Nestle, mayor disagree on 10-year term

Officials  with Nestle Waters Canada say the permit they are seeking is the industry norm, but Puslinch Mayor Dennis Lever says a 10-year term is excessive.

“Everybody’s concerned about the term … it’s too long,” Lever said at the Nestle Waters open house on March 17, which was attended by about 60 people.

Lever acknowledged Nestle Waters has done significant monitoring and additional work requested by the Ministry of the Environment (MOE) and also that aggregate producers often receive 10-year water taking permits.

But in order to properly address the issues of Puslinch residents, who are concerned about a possible impact on their own wells from large water users in the area, Lever said the MOE needs to look at the cumulative impact of all water takers.

“We’re all concerned – it’s our water,” he said. “We really need to get a grasp on the whole picture.”

Nestle Waters officials said they did not receive questions at the meeting about the 10-year term for its permit renewal application. They noted the company is not seeking an increase to past permits, which allowed the company to extract up to 3.6 million litres per day from its well.

“We’re asking for exactly what we’ve had for the last 10 years,” Nestle Waters president  John Zupo said at the open house.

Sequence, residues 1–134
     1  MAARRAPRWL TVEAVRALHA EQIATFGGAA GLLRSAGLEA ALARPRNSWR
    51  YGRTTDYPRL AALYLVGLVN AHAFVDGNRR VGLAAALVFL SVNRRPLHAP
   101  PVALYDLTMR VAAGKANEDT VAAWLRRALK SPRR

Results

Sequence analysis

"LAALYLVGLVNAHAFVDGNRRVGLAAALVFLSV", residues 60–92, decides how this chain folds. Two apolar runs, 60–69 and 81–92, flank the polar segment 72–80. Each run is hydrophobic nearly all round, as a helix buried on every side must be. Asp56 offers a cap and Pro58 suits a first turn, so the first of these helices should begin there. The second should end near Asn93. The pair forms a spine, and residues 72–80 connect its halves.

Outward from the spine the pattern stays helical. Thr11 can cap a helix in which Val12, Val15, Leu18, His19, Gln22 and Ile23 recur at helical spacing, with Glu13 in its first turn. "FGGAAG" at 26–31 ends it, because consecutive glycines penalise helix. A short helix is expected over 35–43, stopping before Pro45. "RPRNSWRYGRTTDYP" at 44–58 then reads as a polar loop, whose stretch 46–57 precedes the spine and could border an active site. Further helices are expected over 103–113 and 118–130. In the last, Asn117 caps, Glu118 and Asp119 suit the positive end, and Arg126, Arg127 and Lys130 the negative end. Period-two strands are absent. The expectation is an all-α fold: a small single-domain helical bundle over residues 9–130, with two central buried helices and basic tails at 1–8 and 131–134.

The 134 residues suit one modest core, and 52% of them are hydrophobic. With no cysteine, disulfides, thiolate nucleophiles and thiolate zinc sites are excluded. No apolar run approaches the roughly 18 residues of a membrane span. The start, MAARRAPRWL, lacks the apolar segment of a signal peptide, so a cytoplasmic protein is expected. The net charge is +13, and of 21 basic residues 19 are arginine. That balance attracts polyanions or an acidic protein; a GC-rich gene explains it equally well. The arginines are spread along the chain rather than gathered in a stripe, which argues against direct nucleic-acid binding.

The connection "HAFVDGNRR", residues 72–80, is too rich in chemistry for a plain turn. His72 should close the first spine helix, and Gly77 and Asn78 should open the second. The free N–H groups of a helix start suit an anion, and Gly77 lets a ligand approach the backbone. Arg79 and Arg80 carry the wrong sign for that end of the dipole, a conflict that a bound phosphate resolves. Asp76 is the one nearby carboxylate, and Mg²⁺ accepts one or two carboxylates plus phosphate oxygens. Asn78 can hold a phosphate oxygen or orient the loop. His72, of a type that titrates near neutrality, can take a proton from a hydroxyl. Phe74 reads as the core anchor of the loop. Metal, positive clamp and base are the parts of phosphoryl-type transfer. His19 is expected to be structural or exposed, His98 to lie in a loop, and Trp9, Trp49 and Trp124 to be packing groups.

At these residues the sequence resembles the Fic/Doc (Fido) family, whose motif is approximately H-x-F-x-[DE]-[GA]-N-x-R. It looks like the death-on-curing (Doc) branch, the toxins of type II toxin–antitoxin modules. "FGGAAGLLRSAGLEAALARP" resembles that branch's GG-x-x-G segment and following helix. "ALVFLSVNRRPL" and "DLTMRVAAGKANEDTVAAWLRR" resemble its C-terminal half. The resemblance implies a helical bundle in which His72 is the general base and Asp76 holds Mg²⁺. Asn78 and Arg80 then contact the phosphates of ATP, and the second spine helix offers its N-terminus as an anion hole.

Questions from residents at the meeting covered “a little bit of everything,” added corporate affairs director John Challinor.

Some were specifically concerned about water quality – both their own and that in Nestle’s products – while others wondered about production levels at the Aberfoyle plant, Challinor noted.

He explained water taking fluctuates throughout the year and overall the company regularly extracts about 60% of the total permit amount.

Some have suggested the company re-apply for that  reduced amount only, but Challinor said the permit is actually based on 2,500 litres per minute and the company does sometimes produce at that level.

“If we reduce that amount, then we wouldn’t be able to support our business,” he said.

He noted Nestle is not the largest water user in the sub-watershed and stressed no resident or business within the zone of influence of the company’s well has ever been impacted by its water taking operation.

The public commenting period for Nestle’s application ended on March 5. The MOE is expected to make a decision within the next couple months.